A.G. Neeman; R.M. Brannon; B. Jeremic; A. Van Gelderand; A. Pang
Top view (Z from above) of eigentensors for Drucker-Prager material, time step 124, colored by minimum stretch eigenvalue.
Visualization of fourth-order tensors from solid mechanics has not been explored in depth previously. Challenges include the large number of components (3x3x3x3 for 3D), loss of major symmetry and loss of positive definiteness(with possibly zero or negative eigenvalues). This paper presents a decomposition of fourth-order tensors that facilitates their visualization and understanding. Fourth-order tensors are used to represent a solid’s stiffness.The stiffness tensor represents the relationship between increments of stress and increments of strain. Visualizing stiffness is important to understand the changing state of solids during plastification and failure. In this work,we present a method to reduce the number of stiffness components to second-order 3×3 tensors for visualization.The reduction is based on polar decomposition, followed by eigen-decomposition on the polar “stretch”. If any resulting eigenvalue is significantly lower than the others, the material has softened in that eigen-direction. The associated second-order eigentensor represents the mode of stress (such as compression, tension, shear, or some combination of these) to which the material becomes vulnerable. Thus we can visualize the physical meaning of plastification with techniques for visualizing second-order symmetric tensors.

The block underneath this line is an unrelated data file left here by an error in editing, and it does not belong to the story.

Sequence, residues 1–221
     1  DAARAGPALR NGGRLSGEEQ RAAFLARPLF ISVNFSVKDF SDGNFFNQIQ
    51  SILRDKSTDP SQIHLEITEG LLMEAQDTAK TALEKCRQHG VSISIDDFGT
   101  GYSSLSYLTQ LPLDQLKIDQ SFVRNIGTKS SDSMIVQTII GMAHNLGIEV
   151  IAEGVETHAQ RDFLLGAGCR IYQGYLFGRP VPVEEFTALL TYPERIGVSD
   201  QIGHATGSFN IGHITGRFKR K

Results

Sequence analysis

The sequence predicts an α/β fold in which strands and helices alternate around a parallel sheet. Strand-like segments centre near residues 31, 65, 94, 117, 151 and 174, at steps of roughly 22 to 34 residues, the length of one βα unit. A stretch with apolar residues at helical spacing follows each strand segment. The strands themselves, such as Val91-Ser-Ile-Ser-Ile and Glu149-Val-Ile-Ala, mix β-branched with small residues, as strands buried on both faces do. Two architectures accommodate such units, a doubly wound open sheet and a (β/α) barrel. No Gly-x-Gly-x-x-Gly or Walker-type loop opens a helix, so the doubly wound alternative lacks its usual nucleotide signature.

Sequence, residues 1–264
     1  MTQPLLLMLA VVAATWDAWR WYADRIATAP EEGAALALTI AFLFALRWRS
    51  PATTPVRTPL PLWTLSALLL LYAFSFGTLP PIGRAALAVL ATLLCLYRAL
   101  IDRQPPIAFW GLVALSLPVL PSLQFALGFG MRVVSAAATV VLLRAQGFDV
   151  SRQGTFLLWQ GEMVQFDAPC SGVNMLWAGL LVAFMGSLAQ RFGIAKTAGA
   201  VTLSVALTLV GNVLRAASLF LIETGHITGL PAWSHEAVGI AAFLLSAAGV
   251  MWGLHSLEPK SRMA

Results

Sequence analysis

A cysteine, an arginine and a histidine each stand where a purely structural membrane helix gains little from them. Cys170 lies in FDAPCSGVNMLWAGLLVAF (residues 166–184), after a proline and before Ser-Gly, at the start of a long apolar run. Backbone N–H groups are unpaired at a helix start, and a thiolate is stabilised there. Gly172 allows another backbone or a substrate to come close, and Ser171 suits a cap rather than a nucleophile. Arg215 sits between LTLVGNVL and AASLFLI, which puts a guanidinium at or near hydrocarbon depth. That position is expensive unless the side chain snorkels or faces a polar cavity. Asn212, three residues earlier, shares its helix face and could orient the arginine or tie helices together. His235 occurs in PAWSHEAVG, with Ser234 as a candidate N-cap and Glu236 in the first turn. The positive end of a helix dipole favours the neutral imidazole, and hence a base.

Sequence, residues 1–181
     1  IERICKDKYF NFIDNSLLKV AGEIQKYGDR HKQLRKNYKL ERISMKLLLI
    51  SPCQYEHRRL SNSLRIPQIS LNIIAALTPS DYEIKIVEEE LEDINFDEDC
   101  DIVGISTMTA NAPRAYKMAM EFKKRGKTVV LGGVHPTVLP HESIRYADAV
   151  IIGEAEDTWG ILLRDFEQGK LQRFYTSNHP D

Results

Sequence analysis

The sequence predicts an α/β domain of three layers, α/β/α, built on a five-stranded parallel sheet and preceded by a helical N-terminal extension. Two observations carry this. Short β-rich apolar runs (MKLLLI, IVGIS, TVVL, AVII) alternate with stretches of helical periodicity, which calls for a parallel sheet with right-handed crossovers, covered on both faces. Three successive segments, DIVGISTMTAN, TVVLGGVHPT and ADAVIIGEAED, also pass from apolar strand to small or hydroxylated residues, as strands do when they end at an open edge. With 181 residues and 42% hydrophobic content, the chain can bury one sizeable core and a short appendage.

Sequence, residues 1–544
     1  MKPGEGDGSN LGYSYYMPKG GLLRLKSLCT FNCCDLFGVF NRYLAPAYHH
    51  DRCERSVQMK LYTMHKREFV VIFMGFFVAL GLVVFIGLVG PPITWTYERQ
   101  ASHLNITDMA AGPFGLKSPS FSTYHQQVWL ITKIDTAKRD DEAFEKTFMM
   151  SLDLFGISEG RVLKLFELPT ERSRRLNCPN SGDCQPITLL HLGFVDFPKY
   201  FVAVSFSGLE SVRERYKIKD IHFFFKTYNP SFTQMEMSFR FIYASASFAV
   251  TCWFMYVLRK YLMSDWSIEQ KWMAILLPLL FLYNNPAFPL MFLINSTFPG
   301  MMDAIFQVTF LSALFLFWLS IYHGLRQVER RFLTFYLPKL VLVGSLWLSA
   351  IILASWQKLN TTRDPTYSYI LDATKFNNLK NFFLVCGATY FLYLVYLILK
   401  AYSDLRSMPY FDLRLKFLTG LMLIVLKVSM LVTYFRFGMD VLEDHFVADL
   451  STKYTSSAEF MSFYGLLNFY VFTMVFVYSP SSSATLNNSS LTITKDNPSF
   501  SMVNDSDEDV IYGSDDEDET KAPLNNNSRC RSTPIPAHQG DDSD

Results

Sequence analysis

Dynamic indentation of SiC-N ceramic by a tungsten carbide sphere. Left: experimentally observed impact crater and radial cracking (both highlighted for clarity). Middle: BFS model prediction of externally visible damage. Right: prediction of internal damage (suitable for validation against XCT data).
With the relatively recent introduction of quantitative and volumetric X-ray computedtomography (XCT) applied to ballistic impact damage diagnostics, signiﬁcant inroads have beenmade in expanding our knowledge base of the morphological variants of physical impactdamage. Yet, the current state of the art in computational and simulation modeling of terminalballistic performance remains predominantly focused on the penetration phenomenon, withoutdetailed consideration of the physical characteristics of actual impact damage. Similarly, armorceramic material improvements appear more focused on penetration resistance than on improved intrinsic damage tolerance and damage resistance. Basically, these approaches minimizeour understanding of the potential inﬂuence that impact damage may play in the mitigation orprevention of ballistic penetration. Examples of current capabilities of XCT characterization,quantiﬁcation, and visualization of complex impact damage variants are demonstrated anddiscussed for impacted ceramic and metallic terminal ballistic target materials. Potential beneﬁtsof incorporating such impact damage diagnostics in future ballistic computational modeling arealso brieﬂy discussed.